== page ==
Saturday, January 21, 2012

The Cyber-Wars have begun!

Image representing Megaupload Limited as depic...
Image via CrunchBase
Jan 19, 2012.
  Today the Feds raided the website MegaUpload, which led to the arrests of seven people across the globe, according to some reports. Now the Hacktivist group, Anonymous, has come forth in retaliation to the crackdown and launched an attack on several websites including The Department of Justice, Universal Music Group, and the Recording Industry Association of America. The wave of attacks is just the beginning and Barrett Brown, founder of Project PM, joins us to discuss whats next for the groups.

“Keep in mind the DOJ’s indictment is actually a sales document; it is their interpretation of things, and they are throwing spaghetti on the wall with their claims and seeing what will stick,” Goldman said.
Many Web firms such as YouTube have pledged to respect copyright laws, but users still post pirated material on their sites, triggering legal battles between media companies and Silicon Valley.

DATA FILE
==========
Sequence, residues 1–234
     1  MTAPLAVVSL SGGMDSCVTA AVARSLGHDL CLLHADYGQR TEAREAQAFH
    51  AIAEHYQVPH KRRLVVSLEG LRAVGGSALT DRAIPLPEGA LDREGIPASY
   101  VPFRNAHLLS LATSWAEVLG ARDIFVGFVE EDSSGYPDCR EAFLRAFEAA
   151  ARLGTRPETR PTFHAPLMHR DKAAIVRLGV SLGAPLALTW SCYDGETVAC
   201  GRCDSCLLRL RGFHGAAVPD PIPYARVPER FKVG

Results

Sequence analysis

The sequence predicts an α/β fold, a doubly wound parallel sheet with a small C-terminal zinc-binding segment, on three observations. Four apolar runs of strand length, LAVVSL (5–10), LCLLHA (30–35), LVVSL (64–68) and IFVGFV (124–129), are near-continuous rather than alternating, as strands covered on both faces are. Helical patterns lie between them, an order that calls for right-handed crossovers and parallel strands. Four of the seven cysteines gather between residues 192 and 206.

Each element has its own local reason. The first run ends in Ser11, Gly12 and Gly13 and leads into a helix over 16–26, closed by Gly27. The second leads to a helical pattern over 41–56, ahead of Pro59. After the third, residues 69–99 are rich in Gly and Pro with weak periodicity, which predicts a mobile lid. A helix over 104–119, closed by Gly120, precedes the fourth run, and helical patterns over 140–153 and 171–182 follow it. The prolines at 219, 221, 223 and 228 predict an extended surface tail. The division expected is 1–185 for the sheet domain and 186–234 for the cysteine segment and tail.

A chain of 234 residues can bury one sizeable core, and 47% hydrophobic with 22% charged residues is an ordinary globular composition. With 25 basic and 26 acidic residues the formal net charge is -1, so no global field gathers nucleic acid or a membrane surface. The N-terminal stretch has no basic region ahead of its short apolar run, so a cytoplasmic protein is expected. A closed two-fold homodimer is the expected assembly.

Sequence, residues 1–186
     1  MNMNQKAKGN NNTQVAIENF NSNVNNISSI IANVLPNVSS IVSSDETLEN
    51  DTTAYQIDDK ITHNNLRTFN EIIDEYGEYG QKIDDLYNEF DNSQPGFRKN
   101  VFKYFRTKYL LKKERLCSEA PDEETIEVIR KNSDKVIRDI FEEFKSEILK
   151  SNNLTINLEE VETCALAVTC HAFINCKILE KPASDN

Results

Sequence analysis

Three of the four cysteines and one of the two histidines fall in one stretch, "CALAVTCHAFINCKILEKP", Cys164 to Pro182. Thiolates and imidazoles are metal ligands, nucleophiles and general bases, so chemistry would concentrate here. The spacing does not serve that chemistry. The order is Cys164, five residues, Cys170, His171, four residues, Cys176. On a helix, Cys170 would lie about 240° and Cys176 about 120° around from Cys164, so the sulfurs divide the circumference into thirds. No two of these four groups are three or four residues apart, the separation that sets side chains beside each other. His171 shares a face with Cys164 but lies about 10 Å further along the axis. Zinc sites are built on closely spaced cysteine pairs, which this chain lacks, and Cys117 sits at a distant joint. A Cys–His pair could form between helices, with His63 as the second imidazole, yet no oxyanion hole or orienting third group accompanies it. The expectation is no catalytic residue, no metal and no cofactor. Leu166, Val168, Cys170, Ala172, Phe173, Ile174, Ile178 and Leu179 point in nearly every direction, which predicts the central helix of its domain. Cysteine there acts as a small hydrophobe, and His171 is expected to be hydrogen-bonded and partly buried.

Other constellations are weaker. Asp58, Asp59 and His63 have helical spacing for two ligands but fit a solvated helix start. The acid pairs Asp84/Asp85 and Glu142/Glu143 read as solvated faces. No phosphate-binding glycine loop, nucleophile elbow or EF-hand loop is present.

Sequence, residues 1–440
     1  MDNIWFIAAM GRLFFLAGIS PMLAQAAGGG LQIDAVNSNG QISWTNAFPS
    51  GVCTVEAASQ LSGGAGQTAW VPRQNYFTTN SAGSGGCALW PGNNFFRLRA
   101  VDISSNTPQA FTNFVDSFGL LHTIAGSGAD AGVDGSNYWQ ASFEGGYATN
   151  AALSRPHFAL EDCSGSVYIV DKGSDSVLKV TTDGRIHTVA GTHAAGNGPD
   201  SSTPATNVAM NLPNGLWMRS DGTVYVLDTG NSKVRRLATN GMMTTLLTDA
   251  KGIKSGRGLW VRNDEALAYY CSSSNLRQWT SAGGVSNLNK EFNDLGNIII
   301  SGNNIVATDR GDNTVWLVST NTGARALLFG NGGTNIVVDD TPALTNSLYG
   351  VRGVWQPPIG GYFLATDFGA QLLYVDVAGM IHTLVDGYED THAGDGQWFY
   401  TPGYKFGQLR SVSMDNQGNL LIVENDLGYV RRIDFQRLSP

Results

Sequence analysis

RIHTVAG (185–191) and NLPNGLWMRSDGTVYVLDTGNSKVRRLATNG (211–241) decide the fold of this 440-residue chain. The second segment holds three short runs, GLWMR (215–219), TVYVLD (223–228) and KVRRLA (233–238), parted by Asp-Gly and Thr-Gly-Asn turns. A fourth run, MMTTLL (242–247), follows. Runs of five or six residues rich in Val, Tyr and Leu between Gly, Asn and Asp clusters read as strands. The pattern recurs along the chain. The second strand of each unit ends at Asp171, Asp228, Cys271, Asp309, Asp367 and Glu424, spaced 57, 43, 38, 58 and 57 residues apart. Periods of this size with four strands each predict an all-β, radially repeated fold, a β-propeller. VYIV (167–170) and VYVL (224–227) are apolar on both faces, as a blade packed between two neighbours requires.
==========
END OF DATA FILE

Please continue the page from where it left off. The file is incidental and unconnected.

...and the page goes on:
Even before it was shut down, Mega­upload had its legal troubles. It was in a fight with Universal Music because celebrity artists such as Jamie Smith, Kanye West, P. Diddy and endorsed the Web site. Some of those musicians had close connections to a leader of Mega­upload, Swizz Beatz, and his wife, Alicia Keys.
Web companies are also tangling with powerful lobbyists who represent Hollywood and other traditional media companies.
On Friday, lawmakers delayed action on legislation that would have given law enforcement more power to shut Web sites down. Leading Internet firms had used their most prominent sites to protest the bills.
But advocates for the measures signaled that they were far from giving up on the fight.
Former Connecticut senator Christopher J. Dodd, now head of the Motion Picture Association of America, made a candid rebuke of the lawmakers that his industry financially supports.
“Those who count on Hollywood for support need to understand this industry is watching very carefully,” Dodd said in a Fox News interview Friday. “Don’t ask me to write a check for you when you think your job is at risk and then don’t pay attention to me when my job is at risk.”
While acknowledging the problem of pirated content, companies say that the ability to freely share ideas and content over the Web is critical for the future of the Internet. Some said that legitimate uses of locker sites and social networks will be disrupted as Washington clamps down on piracy. FULL STORY HERE!

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